Well, I almost made it. I almost made it through the season without posting another one of the pieces I write every single year about the sectarianism and the hatred that fuels the flames of bonfires throughout the north of Ireland annually. I guess I was hoping that it was all going to be fine this year, despite knowing it wouldn’t be. I suppose I thought if I didn’t talk about it, then it wouldn’t make me so angry. It doesn’t work like that though. In fact it might be more infuriating to watch it go all down without commenting – especially when it looks like this marching season buildup has been increasingly worse than those in recent memory.
On this day in 1981, Bobby Sands was elected to Parliament. His candidacy was a risky maneuver, given that he was in prison and on hunger strike at the time and while his win ended up being a masterful propaganda tool, it did not save his life.
Sheena Fagan Campbell was an activist, a law student, and a rising star in the Sinn Fein hierarchy. She was a single mother in Belfast who was determined to provide for her young child and at the time of her murder, she was engaged to be married. Sheena stayed on the legal, political side of the Troubles and was not a member of the Irish Republican Army but she did know many who were. The young law students’ growing popularity in Republican circles brought her to the attention of the police, the British Army and the Ulster Volunteer Force (UVF), a deadly Loyalist paramilitary group. The UVF insisted that Campbell was a member of the IRA and on this day in 1992, they executed her very publicly in a hotel bar in Belfast.
On this day in 1975, John ‘Sean’ Doherty and Denis McAuley were murdered by a bomb that was thrown into the Harp Bar in Belfast. Given the giant explosions of the time period, it was a relatively small attack but it resulted in two deaths and multiple injuries. It was also the second attack on the centrally-located Harp in only ten days.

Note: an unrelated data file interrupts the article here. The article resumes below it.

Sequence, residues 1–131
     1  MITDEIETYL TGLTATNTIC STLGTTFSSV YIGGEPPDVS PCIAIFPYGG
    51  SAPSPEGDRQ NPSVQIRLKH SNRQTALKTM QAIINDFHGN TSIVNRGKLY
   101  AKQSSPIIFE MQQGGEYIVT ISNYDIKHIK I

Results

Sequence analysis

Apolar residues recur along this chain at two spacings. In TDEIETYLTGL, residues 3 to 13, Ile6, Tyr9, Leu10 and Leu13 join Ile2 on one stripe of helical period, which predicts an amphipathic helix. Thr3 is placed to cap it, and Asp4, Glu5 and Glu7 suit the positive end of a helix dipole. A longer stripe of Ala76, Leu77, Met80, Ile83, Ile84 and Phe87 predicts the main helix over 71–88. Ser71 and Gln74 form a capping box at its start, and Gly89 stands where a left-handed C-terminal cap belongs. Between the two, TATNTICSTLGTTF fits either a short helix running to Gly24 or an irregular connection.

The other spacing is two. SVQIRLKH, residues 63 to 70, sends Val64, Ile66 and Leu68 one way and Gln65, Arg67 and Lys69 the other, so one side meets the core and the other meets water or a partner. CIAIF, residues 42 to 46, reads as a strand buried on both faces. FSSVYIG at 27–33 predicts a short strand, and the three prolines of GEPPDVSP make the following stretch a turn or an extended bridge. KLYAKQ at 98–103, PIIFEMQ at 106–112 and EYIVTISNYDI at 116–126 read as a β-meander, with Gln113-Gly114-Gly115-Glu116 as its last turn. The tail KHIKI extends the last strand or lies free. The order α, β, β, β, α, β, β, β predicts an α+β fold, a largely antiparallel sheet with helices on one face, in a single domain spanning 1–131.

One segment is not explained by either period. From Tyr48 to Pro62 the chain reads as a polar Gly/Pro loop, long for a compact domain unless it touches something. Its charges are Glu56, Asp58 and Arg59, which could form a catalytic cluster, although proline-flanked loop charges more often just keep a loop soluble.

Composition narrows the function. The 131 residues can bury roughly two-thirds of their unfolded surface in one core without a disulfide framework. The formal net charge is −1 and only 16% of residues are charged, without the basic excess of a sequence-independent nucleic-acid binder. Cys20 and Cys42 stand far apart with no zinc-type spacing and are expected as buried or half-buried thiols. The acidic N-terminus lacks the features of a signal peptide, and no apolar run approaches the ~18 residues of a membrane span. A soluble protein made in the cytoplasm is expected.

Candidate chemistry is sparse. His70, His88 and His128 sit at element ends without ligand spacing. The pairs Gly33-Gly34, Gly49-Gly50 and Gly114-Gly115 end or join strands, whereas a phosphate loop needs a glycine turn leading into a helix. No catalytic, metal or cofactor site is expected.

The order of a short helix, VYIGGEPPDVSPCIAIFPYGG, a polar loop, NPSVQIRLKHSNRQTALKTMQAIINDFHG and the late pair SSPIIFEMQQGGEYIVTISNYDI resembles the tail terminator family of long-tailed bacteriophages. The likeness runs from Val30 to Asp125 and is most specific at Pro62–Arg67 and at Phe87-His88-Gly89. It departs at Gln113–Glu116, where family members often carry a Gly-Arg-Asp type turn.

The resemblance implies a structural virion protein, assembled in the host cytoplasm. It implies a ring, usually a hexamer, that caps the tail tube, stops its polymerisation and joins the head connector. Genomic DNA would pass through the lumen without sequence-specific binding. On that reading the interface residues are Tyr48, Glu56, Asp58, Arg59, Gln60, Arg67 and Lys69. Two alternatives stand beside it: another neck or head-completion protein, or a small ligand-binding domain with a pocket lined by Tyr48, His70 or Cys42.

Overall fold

Patrick Rooney was a good kid. It was 1969 and he had just moved into Divis Flats on the Falls Road in Belfast with the rest of his family. I say kid because he was only nine years old when his life came to an abrupt end forty-eight years ago today. On that fateful night, Patrick became the first child victim in the long struggle that came to be known as Ireland’s Troubles.
A tasty tidbit of appalling news came across my radar this week that has appeared to be somewhat ignored by many. It turns out that residents living in nine different tower blocks in Belfast had no expectation of privacy in their own homes and they didn’t know it. They were never informed that the police force of Northern Ireland (the PSNI) had been given keys to every single one of their flats and could ostensibly enter them whenever they liked. The Housing Executive was quick to say they’d handed over master keys to the PSNI so that they could be used for health or safety emergencies but they only revealed that agreement after some of the residents at the New Lodge Flats accidentally found out about the breach of privacy. The executive most likely would have never mentioned the keys and the police to any of their tenants if not for this accidental slip of the tongue.
The North of Ireland is a complicated place – especially in July. Every year makeshift towers of debris, old tires, and wooden pallets reach higher and higher into the sky. They are decorated with sectarian slogans, political effigies, Irish flags (or Ivory Coast ones, since some can’t tell the difference between the two), and serious threats against Catholics, opposing politicians, Irish men and women, minorities, and the gay community. These dangerous displays are what they call culture this time of year and they are a horrifying example of the division that continues to exist in the North.